Oboe, reeds, music. That’s my mantra as I leave home, for every gig, every time. I have to see or put my hands physically on each part of that equation before I pull out of my driveway. Occasionally, when I’ve neglected to hit my checklist, I’ve pulled over before getting on the expressway just to make perfectly sure. I don’t know how I happened to forget to check Saturday morning.
We moved into our new house 10 days ago. I’ve been keeping a lot of details in my head, things like gas and internet appointments, address change forms, and exactly which box Zoe’s snow pants are in. Our first Musicians for Michiana concert is coming up in two weeks and my mind is full of rehearsals, newsletters, press releases, and programming insights. I was working on a scheduling email for my students. I had decided to leave extra early for my gig this morning to return some library books and check the mail at the old house. All of that left me not very focused on the job to which I was headed after I ran my two errands and met my carpool.
Everything happened as it was supposed to. We drove two full hours to Fort Wayne. And it was after I turned the car off, as I was reaching into the back seat for my case, that I realized what I had forgotten. Not the oboe, mercifully, but the reeds. All of the reeds. My own and also the box of reeds-in-progress that I usually carry in case I find a spare minute to work. All of the reeds, without which the oboe makes no sound at all. I had 30 minutes before my rehearsal, and no way to play my instrument.
So I texted my husband, who was at home with a five year old and a barely working car – on the off chance that he was near his phone (he wasn’t) and eager to help (he would have been). I messaged the other two oboists in the section. I cursed a little bit, out loud in the frosty air, and I headed into the hall to see what I could do.
Well, oboists are kind. The principal lent me a reed to use for the rehearsal and concert. The English horn player was nice about it, too. Thanks, Pavel and Leonid!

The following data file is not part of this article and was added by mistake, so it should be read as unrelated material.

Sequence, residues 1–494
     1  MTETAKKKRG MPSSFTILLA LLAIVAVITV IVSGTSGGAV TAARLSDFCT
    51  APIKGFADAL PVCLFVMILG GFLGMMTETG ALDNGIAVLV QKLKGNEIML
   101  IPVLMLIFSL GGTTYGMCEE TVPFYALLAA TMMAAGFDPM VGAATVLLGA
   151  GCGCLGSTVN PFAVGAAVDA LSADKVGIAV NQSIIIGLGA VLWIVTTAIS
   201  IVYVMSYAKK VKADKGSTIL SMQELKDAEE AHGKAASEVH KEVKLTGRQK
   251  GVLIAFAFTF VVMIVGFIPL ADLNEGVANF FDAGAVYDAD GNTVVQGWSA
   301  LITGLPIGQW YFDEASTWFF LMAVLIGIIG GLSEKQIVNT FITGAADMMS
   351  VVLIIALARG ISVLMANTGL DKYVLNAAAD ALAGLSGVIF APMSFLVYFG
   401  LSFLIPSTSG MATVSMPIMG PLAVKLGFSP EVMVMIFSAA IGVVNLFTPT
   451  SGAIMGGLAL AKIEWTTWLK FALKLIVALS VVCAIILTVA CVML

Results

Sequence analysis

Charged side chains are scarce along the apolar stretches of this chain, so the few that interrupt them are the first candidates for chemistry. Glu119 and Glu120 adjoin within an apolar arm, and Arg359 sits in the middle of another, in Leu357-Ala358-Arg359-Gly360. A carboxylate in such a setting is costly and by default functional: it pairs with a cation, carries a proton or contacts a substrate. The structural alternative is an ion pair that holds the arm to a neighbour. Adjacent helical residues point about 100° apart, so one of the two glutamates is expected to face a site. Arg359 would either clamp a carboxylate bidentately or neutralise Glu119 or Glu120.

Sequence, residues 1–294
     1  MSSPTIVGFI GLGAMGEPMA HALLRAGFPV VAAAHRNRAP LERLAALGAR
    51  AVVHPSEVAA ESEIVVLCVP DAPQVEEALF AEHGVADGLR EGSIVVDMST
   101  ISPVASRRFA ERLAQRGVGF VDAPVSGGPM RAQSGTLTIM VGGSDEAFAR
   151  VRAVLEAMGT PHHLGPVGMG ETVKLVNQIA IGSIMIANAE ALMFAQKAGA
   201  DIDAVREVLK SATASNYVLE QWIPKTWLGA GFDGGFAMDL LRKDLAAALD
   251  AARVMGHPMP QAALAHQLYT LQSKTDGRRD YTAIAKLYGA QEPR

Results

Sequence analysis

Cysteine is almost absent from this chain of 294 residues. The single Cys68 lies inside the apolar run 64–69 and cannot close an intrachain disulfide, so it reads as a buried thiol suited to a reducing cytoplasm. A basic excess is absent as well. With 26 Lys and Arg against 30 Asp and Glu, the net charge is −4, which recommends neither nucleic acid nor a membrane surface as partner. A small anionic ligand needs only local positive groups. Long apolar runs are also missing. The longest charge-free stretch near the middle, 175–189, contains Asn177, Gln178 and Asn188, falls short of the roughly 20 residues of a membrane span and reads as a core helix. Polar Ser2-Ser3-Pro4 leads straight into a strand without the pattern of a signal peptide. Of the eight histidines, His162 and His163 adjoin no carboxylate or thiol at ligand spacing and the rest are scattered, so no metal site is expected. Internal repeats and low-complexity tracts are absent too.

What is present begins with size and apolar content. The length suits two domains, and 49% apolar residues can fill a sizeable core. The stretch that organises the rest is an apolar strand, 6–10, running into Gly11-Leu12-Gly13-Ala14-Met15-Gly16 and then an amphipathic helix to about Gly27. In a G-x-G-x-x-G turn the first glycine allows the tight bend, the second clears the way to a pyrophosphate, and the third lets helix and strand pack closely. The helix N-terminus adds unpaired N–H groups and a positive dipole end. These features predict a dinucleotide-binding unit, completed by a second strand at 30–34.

Although reeds are very personal, and made by the oboist for the oboist, taking into account his instrument, the hall, and the musical task at hand, a well made reed can do whatever it needs to do, for whomever, and I had no trouble playing two services on this one that my knife had never touched. I had to make some adjustments to my approach, but nothing stressful. The playing was fine.
Interestingly, though, my pre-concert routine changed dramatically. I didn’t realize how much of my time is taken up with choosing between reeds in my case, and lightly tweaking whichever one is in my hand in an attempt to be ready for anything that the concert throws at me. I sat down 30 minutes before the concert, and Pavel’s ONE reed, which I wasn’t entitled to work on, was the only choice, so I looked over all of my notes and played through the tricky parts of the concert – and still had 20 minutes to go!
Normally, I have two or three reeds and alternates soaked up, and test the difference in resistance between them, and try entrances and solos on each, and scrape maybe just a little – but I’ll tell you, my odds in performance of playing perfectly are no better than they seemed to be this weekend when all I did was warm up the oboe and check the notes in my music.
I wonder how much of my usual system is just busy work. Or totally unnecessary work. I wonder if I’d be better off with fewer choices, and more focus on the actual music coming up. I wonder if I make too many reeds! If I walked in with one and just had to make it work, would I be a better, stronger person?